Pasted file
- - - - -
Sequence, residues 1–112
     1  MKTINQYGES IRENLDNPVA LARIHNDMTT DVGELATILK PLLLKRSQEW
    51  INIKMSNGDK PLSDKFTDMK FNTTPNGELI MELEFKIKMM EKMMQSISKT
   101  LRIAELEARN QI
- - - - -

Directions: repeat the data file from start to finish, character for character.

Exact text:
Sequence, residues 1–112
     1  MKTINQYGES IRENLDNPVA LARIHNDMTT DVGELATILK PLLLKRSQEW
    51  INIKMSNGDK PLSDKFTDMK FNTTPNGELI MELEFKIKMM EKMMQSISKT
   101  LRIAELEARN QI